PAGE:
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Crumbling Infrastructure Slows Iraqi Growth


As the U.S. military leaves Iraq after more than eight years of war, the country's weakened infrastructure struggles to provide daily needs. Despite billions of dollars set aside for reconstruction, Iraqis interviewed at several locations say they still cannot rely on public services.

Baghdad is a noisy, crowded city. And despite years of turmoil, new restaurants and shops are opening.

But it is also a city that struggles to function, much like the rest of the country.

Razor wire and concrete blast walls are slowly becoming a thing of the past.

But nearly nine years of war, and earlier years of international sanctions, have left many Iraqis without steady, basic services.

There is seldom enough electricity and power outages are common, unless residents can connect to nearby generators.

Fish seller Jaafar Abdul Hamza says life is difficult. “We are suffering from a lot of things. Security is better, but we suffer from a lack of electricity and water,” Hamza said.

Medical services are especially lacking, even at Ghazy al-Hariri Hospital, one of Baghdad's best.

Patient Khalis Hussein, says he suffers more from hospital conditions than he does from his kidney failure. “Doctors are good, and so is the medical staff. But there is a lack of services, the elevators do not work and the stairs are locked," Hussein said.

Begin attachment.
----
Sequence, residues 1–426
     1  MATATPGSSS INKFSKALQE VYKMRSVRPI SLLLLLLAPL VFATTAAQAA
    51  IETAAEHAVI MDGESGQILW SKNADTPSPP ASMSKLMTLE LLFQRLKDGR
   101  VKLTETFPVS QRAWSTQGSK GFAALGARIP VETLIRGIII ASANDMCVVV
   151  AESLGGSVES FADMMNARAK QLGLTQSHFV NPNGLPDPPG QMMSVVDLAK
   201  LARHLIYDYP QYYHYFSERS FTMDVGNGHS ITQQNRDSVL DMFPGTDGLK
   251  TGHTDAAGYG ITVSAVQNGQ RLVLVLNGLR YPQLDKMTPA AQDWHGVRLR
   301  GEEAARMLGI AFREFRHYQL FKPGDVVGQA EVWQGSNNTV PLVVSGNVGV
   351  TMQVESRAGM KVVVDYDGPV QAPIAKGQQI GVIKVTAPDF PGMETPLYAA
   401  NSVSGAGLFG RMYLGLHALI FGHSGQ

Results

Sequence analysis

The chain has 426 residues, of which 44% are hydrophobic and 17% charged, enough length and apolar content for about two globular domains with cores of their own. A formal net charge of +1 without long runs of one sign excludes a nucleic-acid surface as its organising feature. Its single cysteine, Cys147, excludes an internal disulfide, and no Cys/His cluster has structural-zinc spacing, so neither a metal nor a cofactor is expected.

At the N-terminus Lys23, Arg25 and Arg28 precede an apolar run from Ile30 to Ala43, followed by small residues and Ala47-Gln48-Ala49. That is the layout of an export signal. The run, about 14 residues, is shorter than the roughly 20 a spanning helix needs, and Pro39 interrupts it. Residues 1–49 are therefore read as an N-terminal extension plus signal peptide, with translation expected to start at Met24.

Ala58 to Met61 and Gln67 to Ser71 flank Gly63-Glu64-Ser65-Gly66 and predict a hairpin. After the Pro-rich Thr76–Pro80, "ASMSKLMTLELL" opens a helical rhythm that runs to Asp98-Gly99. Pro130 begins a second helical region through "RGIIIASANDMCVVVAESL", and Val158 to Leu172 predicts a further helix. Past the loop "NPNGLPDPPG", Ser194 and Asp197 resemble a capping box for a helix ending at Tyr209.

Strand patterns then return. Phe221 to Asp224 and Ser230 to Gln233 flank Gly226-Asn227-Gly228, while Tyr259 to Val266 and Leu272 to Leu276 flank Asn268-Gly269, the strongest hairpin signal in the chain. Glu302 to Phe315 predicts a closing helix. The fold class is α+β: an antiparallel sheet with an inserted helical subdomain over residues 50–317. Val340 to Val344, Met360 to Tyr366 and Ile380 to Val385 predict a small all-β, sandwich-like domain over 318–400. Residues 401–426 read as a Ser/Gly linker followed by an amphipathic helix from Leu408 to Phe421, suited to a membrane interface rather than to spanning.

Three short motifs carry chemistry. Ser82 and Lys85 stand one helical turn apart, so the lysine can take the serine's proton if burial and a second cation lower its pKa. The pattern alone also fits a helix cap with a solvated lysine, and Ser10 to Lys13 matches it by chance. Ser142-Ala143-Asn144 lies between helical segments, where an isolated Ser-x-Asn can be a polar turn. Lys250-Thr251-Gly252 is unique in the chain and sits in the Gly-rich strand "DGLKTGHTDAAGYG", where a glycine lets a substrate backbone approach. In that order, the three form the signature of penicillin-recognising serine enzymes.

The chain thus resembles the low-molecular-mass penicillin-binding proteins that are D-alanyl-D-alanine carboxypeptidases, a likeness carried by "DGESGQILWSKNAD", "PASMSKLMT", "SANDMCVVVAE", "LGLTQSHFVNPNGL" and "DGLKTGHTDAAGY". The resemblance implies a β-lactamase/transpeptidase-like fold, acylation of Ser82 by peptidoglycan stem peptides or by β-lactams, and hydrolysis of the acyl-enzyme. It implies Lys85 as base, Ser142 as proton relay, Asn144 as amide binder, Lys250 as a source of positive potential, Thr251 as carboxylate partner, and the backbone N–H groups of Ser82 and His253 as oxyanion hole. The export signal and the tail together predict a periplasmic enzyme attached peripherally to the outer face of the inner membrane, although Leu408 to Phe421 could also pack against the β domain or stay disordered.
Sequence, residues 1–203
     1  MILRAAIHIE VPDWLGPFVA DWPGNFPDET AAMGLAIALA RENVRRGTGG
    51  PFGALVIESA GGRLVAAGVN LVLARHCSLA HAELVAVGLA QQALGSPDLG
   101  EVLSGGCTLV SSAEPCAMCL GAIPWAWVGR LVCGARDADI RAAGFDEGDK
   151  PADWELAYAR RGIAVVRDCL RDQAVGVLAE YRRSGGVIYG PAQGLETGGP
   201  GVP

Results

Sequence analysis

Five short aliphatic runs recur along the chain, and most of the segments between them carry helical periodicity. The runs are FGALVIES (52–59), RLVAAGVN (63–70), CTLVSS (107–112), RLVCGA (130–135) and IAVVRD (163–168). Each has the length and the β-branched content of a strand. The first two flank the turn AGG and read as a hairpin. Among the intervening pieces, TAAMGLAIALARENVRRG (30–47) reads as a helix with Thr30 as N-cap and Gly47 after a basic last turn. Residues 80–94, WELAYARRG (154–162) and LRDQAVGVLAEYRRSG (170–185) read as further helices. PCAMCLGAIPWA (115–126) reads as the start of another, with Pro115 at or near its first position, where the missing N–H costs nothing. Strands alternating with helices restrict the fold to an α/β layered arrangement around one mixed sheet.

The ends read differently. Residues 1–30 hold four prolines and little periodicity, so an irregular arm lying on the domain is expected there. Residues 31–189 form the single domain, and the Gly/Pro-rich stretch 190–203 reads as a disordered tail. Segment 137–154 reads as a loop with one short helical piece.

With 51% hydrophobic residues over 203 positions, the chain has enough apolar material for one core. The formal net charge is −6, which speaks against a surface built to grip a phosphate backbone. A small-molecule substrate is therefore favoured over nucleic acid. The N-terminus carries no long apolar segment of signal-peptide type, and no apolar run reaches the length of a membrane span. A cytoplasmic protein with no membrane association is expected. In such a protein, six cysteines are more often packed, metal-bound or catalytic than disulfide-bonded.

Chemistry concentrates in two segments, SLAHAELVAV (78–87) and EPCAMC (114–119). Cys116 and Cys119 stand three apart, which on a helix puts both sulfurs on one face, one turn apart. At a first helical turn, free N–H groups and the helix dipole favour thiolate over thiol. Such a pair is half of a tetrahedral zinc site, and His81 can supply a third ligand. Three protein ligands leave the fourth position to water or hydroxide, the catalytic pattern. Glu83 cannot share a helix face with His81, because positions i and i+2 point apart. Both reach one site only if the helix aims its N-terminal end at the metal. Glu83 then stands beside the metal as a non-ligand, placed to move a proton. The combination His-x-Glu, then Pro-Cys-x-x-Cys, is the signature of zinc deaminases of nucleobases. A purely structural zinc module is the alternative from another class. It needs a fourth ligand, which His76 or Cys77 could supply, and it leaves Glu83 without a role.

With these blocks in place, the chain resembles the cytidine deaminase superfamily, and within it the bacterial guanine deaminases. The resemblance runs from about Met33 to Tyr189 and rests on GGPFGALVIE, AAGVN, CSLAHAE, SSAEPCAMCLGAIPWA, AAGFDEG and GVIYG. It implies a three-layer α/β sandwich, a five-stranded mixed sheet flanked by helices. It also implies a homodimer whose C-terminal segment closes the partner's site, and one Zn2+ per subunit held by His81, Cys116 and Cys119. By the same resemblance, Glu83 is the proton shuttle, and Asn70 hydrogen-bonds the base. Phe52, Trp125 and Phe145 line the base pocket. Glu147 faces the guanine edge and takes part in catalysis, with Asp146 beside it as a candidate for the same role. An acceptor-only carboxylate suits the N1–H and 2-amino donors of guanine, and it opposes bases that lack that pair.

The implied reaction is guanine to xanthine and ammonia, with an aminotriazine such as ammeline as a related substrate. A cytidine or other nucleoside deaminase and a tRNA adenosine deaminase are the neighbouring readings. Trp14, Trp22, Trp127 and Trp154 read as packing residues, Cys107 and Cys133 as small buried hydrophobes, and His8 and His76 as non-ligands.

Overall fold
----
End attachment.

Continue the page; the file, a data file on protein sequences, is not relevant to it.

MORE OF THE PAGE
Still, trauma surgeon Ahmed Saleh says things have improved since the mass terrorist bombing casualties of five years ago.

“The situation changed dramatically in the last two years, when the attacks decreased. We receive nowadays just road traffic accidents. We still receive trauma patients due to bullets, missiles, a few attacks for explosions, but not the big explosions like 2005, 2006,” Saleh said.

Today there are fewer bomb victims, but the lack of experienced doctors is a problem.

“We got all the supplies that we need, but we need training, we need outside training, from United States, United Kingdom to improve our work. We have got the experience, but we do not know how to use it,” Saleh said.

At home, Iraqis like English teacher Wameedh Refaat blame the government for the lack of services. “There is no reconstruction in the country, and I do not see anything that is being provided for the interest of my children's future,” Refaat said.

There has been some rebuilding - just not as much as many Iraqis expected from billions of dollars in international aid.

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    Sharon Behn

    Sharon Behn is a foreign correspondent working out of Voice of America’s headquarters in Washington D.C  Her current beat focuses on political, security and humanitarian developments in Iraq, Syria and Turkey. Follow Sharon on Twitter and on Facebook.

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